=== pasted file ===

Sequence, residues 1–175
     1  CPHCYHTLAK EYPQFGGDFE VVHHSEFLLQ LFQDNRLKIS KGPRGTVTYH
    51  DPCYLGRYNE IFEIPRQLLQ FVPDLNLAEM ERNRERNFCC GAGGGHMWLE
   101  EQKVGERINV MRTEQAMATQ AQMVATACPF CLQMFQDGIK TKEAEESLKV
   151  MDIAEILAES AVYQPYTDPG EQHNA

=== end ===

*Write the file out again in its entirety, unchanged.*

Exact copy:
Sequence, residues 1–175
     1  CPHCYHTLAK EYPQFGGDFE VVHHSEFLLQ LFQDNRLKIS KGPRGTVTYH
    51  DPCYLGRYNE IFEIPRQLLQ FVPDLNLAEM ERNRERNFCC GAGGGHMWLE
   101  EQKVGERINV MRTEQAMATQ AQMVATACPF CLQMFQDGIK TKEAEESLKV
   151  MDIAEILAES AVYQPYTDPG EQHNA